The elimination of the Temporary Foreign Worker Program for low-wage jobs will be seriously considered by the government in 2016, says Employment Minister Jason Kenney. From the Canadian Meat Council to the Canadian Chamber of Commerce, business groups are speaking out against Ottawa’s latest plan to cap the number of low-wage foreign workers and impose higher fees.
Through a phase-in of new caps on low-wage foreign workers and the launch of more detailed labour market surveys, Mr. Kenney indicated that by 2016 the government will be in a position to assess whether it should take the next step.
The overhaul of the program has been called an “appalling overreaction” by business groups. All three men hoping to become the next Alberta premier, including front-runner Jim Prentice, say Ottawa is unfairly punishing the province and would demand more control over immigration policy to deal with labour shortages, as Quebec has now.
Mr. Kenney also confirmed that further changes to the Live-In Caregiver component of the TFW Program will be announced later this year. The government remains concerned with the caregiver stream even though that part of the TFW Program was left largely untouched Friday when he and Immigration Minister Chris Alexander announced major changes.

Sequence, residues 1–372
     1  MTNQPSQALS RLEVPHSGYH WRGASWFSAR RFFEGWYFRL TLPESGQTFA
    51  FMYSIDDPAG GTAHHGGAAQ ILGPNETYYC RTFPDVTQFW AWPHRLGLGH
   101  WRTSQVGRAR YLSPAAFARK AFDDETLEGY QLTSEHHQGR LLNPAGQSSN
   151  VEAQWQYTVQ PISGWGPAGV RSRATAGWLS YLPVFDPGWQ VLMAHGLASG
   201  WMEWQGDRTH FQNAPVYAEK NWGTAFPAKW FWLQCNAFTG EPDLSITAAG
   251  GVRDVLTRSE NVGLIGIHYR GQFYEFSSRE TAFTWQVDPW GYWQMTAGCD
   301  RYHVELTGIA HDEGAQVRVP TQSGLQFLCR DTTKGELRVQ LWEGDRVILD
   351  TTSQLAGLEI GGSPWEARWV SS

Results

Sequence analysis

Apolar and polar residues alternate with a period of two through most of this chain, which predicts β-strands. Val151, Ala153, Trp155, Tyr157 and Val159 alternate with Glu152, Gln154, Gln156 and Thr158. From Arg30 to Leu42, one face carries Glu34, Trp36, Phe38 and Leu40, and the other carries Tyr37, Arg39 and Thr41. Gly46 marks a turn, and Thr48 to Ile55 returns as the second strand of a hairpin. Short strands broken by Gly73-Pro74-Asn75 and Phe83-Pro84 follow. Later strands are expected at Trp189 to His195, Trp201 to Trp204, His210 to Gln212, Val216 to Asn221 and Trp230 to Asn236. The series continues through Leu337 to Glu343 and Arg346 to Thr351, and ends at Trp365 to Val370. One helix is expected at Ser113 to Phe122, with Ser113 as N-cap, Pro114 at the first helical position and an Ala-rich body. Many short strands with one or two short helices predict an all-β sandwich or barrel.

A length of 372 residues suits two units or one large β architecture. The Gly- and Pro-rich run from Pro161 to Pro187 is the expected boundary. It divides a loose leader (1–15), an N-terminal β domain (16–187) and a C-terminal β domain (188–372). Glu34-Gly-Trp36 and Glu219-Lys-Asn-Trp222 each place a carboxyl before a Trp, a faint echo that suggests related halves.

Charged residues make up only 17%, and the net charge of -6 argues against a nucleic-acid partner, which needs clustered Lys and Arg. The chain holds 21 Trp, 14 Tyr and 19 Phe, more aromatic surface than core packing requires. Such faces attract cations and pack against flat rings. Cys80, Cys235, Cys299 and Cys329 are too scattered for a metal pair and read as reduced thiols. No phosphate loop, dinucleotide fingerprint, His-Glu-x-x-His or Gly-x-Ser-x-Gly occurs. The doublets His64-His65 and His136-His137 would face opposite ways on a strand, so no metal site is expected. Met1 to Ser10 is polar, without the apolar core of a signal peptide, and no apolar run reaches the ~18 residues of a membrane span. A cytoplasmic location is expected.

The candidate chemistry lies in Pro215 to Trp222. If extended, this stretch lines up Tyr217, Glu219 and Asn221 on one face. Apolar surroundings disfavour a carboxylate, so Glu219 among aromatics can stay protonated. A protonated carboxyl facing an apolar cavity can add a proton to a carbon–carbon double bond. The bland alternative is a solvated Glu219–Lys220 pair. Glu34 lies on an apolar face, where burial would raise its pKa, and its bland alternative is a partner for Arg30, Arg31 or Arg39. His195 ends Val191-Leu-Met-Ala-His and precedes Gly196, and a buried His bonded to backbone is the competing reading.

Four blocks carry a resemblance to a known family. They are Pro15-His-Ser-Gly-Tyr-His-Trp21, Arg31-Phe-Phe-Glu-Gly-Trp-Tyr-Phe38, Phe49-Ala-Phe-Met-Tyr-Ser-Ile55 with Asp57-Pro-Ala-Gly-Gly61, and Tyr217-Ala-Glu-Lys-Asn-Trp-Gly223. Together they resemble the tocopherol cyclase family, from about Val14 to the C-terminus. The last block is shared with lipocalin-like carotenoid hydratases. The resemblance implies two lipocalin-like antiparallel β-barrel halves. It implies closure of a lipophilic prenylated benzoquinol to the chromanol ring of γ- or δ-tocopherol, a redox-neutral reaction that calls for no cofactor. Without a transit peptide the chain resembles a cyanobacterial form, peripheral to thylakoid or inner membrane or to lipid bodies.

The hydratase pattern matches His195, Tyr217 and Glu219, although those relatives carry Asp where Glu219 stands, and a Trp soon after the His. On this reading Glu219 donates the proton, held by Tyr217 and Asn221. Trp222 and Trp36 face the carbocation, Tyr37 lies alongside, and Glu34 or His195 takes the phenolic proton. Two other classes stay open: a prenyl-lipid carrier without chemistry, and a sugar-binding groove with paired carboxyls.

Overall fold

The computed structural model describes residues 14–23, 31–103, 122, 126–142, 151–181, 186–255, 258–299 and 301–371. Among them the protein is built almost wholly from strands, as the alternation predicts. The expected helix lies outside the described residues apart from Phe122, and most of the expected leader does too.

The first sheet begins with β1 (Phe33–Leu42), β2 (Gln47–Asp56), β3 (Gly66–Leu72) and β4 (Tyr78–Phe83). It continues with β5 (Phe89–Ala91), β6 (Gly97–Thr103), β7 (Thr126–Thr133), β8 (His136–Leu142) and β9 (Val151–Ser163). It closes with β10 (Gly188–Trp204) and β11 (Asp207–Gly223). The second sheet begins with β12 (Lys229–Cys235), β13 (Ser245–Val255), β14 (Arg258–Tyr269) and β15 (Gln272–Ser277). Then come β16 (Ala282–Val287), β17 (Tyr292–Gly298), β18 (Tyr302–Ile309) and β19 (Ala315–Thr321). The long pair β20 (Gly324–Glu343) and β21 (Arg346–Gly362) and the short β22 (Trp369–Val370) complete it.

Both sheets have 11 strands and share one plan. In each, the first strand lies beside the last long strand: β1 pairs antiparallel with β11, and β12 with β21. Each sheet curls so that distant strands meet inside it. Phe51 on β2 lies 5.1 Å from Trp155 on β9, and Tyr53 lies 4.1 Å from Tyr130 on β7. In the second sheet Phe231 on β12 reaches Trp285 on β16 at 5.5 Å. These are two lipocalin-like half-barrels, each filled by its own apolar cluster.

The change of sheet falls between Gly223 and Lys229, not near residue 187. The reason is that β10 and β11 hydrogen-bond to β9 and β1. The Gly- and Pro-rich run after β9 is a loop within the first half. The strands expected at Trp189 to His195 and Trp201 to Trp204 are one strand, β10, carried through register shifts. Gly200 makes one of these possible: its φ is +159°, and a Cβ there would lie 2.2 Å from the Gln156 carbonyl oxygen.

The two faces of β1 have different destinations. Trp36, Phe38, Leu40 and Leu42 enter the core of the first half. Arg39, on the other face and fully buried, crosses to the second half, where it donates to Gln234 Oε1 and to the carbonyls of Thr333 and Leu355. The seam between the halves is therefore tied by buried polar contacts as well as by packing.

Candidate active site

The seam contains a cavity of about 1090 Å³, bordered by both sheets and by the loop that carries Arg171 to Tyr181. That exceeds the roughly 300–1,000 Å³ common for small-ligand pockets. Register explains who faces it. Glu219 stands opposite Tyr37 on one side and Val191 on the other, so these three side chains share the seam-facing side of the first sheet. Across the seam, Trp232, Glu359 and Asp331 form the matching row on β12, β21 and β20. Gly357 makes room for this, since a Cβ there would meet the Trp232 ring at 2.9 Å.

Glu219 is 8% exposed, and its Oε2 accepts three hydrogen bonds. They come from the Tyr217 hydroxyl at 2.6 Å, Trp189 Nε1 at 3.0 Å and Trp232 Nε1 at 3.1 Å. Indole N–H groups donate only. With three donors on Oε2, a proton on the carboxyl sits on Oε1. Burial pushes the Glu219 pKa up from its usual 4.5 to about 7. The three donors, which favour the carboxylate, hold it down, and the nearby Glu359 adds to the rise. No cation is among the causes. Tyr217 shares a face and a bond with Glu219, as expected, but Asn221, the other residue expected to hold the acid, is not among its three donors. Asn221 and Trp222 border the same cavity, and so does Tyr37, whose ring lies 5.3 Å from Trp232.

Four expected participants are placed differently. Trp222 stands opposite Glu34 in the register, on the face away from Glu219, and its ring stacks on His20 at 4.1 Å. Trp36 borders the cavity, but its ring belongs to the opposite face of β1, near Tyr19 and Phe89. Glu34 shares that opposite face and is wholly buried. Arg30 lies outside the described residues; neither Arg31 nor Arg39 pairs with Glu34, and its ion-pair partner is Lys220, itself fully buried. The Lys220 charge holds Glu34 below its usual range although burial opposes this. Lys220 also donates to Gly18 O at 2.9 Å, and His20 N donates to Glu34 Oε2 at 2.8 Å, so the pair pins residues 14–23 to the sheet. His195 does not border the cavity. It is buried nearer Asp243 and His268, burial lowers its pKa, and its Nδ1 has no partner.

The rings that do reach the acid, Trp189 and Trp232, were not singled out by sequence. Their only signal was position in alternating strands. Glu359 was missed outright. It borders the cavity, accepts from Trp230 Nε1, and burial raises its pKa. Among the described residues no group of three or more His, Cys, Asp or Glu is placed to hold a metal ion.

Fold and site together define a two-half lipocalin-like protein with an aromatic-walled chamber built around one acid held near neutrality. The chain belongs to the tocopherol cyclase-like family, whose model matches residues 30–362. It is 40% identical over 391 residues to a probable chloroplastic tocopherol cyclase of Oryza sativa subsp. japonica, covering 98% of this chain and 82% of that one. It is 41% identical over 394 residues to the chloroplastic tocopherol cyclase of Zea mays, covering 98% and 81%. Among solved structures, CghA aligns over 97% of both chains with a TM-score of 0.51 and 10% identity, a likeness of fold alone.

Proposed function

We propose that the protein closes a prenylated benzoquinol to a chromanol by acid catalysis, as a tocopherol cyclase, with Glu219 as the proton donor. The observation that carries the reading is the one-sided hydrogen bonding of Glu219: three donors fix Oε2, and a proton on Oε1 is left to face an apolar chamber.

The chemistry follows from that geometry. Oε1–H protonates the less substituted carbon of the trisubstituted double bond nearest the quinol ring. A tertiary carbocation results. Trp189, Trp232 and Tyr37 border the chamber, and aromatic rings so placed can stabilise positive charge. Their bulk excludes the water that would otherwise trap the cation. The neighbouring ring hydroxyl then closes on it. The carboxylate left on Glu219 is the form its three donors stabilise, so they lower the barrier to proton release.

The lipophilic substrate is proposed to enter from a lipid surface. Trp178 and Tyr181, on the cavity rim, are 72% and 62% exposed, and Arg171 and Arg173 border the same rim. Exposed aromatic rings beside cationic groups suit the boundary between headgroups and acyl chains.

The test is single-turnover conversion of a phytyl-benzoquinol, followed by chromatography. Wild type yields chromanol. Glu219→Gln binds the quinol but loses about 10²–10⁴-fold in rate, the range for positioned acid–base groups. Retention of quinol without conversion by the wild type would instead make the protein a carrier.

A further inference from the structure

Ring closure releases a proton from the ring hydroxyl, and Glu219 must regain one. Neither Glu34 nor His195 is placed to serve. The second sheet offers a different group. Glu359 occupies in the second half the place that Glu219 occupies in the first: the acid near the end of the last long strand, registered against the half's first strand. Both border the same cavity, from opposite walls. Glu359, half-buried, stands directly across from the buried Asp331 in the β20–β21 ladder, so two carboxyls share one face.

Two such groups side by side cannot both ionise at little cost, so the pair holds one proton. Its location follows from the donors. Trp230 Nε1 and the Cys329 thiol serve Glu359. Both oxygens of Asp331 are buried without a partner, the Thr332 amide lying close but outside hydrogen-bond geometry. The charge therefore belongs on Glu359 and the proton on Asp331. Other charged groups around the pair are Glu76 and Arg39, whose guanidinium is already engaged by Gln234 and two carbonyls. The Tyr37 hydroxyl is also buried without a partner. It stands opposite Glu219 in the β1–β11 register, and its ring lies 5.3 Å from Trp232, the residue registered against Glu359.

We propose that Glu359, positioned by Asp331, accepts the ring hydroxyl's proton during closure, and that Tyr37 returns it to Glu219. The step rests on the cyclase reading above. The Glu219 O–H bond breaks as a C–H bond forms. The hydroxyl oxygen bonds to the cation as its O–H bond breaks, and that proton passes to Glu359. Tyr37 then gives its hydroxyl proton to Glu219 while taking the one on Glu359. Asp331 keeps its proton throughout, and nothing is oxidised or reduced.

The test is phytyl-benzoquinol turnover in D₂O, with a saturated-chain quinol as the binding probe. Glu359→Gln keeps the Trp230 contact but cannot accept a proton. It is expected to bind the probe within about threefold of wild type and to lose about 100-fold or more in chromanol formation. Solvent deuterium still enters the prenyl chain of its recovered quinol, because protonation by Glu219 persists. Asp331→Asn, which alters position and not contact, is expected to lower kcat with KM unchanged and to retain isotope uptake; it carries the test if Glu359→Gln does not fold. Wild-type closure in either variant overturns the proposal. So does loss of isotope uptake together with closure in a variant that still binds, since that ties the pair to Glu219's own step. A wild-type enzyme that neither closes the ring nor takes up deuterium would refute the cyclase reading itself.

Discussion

Canadian officials in the Philippines have been warning colleagues for years that the caregiver program was facing abuse and had largely become a “hidden” family reunification program. As far back as 2009 when he was immigration minister, Mr. Kenney said he recalls meeting in Manila with 70 women who were on their way to Canada via the program and every single one of them planned to work for a relative.
The list of invited speakers includes people, such as Canadian Chamber of Commerce President Perrin Beatty, who have been critical of the government’s foreign worker changes.
The four main topics on the agenda include whether skills shortages exist in Canada, how labour market data could be improved, how to reform educational and vocational training and how to match underrepresented groups like aboriginals and people with disabilities to available jobs.
Source: The Globe And Mail